Wannacry, Jaff, Cryptolocker, and many many more belong to a category of hacking tools called ransomware. This software works by infiltrating your system via a infected Word document, an image using steganography, a corrupt media file, or a host of other ways.
This works by using encryption algorithms that encrypts all of the data in your hard drive. More over, it also can encrypt data on ANY drive that you may be connected to. This includes USB thumb drives, attached hard drives (whether via USB or network connection), and any cloud connected drives such as Box, Google Drive, Microsoft OneDrive, or any other similar service.
So how do you protect yourself? Technology professionals know to use tools like Ghost, EaseUS, Acronis, or backup software like Crashplan, Carbonite, or even Backblaze can be used to take the data off of your hardware and place it on to either a local hard drive or some cloud based host.
Your data is protected with these tools because the imaging and cloning tools, essentially take a real time picture of your hard drive, store on the connected storage device that you then disconnect when the process has finished.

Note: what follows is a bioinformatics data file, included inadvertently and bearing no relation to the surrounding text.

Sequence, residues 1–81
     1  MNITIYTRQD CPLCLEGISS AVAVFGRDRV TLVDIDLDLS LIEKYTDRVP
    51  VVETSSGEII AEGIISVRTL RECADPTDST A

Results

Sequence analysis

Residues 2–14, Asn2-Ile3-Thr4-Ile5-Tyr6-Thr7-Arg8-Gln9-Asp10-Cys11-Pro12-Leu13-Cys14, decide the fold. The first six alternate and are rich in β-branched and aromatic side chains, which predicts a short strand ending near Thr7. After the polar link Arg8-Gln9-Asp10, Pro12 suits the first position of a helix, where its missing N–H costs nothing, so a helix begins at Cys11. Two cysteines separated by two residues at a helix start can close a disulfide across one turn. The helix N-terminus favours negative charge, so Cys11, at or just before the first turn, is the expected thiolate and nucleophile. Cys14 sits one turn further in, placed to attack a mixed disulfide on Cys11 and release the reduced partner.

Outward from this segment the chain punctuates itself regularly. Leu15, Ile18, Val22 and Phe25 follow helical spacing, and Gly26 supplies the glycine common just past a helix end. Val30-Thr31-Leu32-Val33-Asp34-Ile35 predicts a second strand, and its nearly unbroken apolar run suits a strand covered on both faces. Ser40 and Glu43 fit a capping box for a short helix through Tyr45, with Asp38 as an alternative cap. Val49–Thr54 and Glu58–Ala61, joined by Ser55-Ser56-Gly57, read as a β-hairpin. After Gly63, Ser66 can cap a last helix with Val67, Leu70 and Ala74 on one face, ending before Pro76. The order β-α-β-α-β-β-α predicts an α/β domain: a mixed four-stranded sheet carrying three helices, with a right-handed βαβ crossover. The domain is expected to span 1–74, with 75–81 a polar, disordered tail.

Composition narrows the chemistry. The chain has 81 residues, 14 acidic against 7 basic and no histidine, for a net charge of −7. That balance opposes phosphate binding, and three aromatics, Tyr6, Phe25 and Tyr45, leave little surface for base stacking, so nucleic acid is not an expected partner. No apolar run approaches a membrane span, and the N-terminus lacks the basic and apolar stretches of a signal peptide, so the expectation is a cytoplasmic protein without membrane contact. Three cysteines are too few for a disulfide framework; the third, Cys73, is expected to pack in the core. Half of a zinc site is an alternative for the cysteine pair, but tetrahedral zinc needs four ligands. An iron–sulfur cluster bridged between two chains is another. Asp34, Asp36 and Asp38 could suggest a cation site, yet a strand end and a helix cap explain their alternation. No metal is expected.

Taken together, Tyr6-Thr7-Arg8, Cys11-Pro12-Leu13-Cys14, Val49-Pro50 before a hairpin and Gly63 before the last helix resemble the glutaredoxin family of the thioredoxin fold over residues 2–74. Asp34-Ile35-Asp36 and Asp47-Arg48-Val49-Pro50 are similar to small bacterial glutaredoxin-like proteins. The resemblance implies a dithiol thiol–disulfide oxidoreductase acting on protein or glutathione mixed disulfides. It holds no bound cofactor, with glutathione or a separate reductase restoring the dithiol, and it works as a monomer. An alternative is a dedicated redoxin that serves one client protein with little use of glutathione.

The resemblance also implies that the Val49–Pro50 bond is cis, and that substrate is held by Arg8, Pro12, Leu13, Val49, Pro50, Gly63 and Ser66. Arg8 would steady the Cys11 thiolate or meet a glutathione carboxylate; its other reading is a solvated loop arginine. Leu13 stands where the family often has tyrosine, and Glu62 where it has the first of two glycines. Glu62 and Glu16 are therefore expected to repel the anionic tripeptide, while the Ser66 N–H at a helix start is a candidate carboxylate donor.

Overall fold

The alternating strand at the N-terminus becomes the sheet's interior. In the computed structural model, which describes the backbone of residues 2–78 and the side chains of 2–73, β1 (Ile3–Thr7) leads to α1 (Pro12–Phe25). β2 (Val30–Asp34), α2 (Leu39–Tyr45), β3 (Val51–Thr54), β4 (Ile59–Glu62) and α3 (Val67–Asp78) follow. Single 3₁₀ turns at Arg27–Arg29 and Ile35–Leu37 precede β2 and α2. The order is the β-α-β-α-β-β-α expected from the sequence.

Yes these tools take a significant amount of time to run based on your drive size. Since many people have 1 terabyte or larger drive in their desktop, all-in-one, or laptop, you can start this process before going to bed at night. First make sure that you have setup your system not to go to sleep during the imaging process. Then follow the directions provided with the product you are using. Some products are free to use for personal use while others may run into hundreds of dollars but provide online data storage with its plan.
Before you disconnect the attached or networked drive, take the time to test your image/backup to insure it is holding data in a valid form. Once you have done this, you should make a hash of the data and I will cover that in a later piece. It is imperative for your data’s safety and your own sanity that the data you have stored on the drive is perfect. Any number of things can cause this data to become corrupt.
This is why I always suggest making a copy of your image and storing it someplace away from the location of the machine. What were to happen if your laptop and backup drive were stolen from your home? You would lose the original data plus the backup that you have just created. If your data is stored at some other location, they may get the laptop but you can replace that and then restore from your image, backup.
This goes for those of you with Windows systems, Mac systems, and even Linux systems.
This will be continued later this week….